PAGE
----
Vertical VX4 eVTOL Suffers Incident During Flight Testing

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Vertical Aerospace has reported that its VX4 electric vertical takeoff and landing (eVTOL) aircraft prototype was involved in an incident during flight testing on Wednesday. The extent of the damage to the prototype, which was piloted remotely, has not been disclosed. The incident occurred at Vertical’s flight test center at Cotswold Airport (GBA) in the U.K. and no injuries have been reported.

“Our flight test programme is designed to establish the limits of the aircraft’s performance, and the incident occurred during an uncrewed test of the aircraft’s maneuverability during a motor failure test scenario, which is a key requirement to progress to crewed operations,” Vertical wrote in a filing with the U.S. Securities and Exchange Commission. “We are working closely with the relevant authorities.”

As previously reported by AVweb, the Vertical VX4 flew for the first time in September 2022. According to the company, the aircraft will offer a cruise speed of 150 miles per hour, range of up to 100 miles and be capable of carrying a pilot and four passengers. In a recently released report on its financial results for the first half of 2023, Vertical noted that VX4 flight test activities to date have included both tethered and untethered hovers as well as expanding the vehicle’s low-speed flight envelope. The company is also working on a second VX4 prototype.

Kate O'Connor
Kate O’Connor works as AVweb's Editor-in-Chief. She is a private pilot, certificated aircraft dispatcher, and graduate of Embry-Riddle Aeronautical University.

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15 COMMENTS

  1. No video or photos, no technical details, reporting this to the SEC?! What’s next, a commission to study UFOs?

  2. It didn’t “suffer an incident”; it crashed. This is like using “officer-involved shooting” in a headline when it’s really “cops shoot someone.”

  3. Recklessness is not a part of engineering. So far, no one has explained why a eVTOL would have any advantage over the helicopter when it comes to safety.

    • Hi Don,

      – Electric multirotors offer a high degree of redundancy. Helicopters don’t.
      – Helicopters use extremely complex mechanical systems with many single points of failure that are non-survivable. While they have been made very safe, it has been by accepting very high maintenance expense to keep those complex systems in tip-top shape.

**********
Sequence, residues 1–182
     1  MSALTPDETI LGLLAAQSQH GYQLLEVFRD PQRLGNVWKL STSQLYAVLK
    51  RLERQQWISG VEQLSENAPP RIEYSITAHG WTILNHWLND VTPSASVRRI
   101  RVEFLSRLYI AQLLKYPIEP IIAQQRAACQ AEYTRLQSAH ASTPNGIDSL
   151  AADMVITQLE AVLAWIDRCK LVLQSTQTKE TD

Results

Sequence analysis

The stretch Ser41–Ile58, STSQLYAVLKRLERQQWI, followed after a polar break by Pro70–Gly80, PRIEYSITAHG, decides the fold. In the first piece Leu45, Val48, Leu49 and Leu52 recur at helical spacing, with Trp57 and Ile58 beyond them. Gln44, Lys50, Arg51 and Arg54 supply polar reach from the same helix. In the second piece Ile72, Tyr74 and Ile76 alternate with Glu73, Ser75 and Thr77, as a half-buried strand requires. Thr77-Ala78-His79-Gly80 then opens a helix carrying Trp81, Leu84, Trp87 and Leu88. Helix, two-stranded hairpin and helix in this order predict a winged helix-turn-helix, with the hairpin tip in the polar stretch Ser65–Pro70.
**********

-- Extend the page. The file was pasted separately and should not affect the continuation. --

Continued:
– It has been asserted and is plausible – but has yet to be proven – that electric motors can be even more reliable than gas turbines with gear drives.

      There are other considerations that make electric interesting – design space options not available to helicopters, potential for lower cost – but you asked about safety specifically.

      • Yeah … kinda like the NASA X-47 “Maxwell” that cost taxpayers $87M to try to design a STOL airplane out of a good airplane (Tecnam P2006) with 14 motors (sic). And all we got out of it was a forum at Airventure.

      • So it had an incident “during a motor failure test scenario.” It seems to me that the redundancy only multiplies the chances a failure will result in a crash compared to a helicopter, 4X’s.

  4. I think that instead of wasting all of our collective time on these electric wishful thinking flying contraptions, Avweb could just display as few words as possible on each situation followed by playing an audio of Queen … “Another one bites the dust”

    youtube.com/watch?v=MK8r4ktQw64

    🙂

  5. The Vertical Aerospace VX4 eVTOL prototype crashed during an uncrewed test.

    The crash occurred during a motor failure test scenario.

    The incident may lead to a delay in certification and commercial flights.

    The Vertical Aerospace VX4 eVTOL (electric vertical take-off and landing) experimental prototype suffered a crash during an uncrewed test at Cotswold Airport (GBA) in the United Kingdom, delivering a considerable setback to the program, given the company’s sole possession of only one flying prototype.

    The company did not reveal the exact damage sustained by the aircraft. But Vertical Aerospace said that it is “closely working with the relevant authorities.”

    According to a report by Pilotweb.aero, before the crash, the VX4 eVTOL prototype reached an altitude of approximately 20 feet.

    Journalist Charlotte Bailey also flagged a photograph of the incident on Pilotweb.aero website. The image depicted the prototype with significant structural damage, notably to the starboard wing. Following the VX4 crash, the airfield experienced a brief closure but has since resumed operations.

    https://pilotweb.aero/wp-content/uploads/thumbnail_IMG_8567-1-900×595.jpg

    The company did not reveal the exact damage sustained by the aircraft. But Vertical Aerospace said that it is “closely working with the relevant authorities.”

  6. Wow – I’m shocked. An incident involving a marvelous plastic-fantastic eVTOL creation – amazing. NOT

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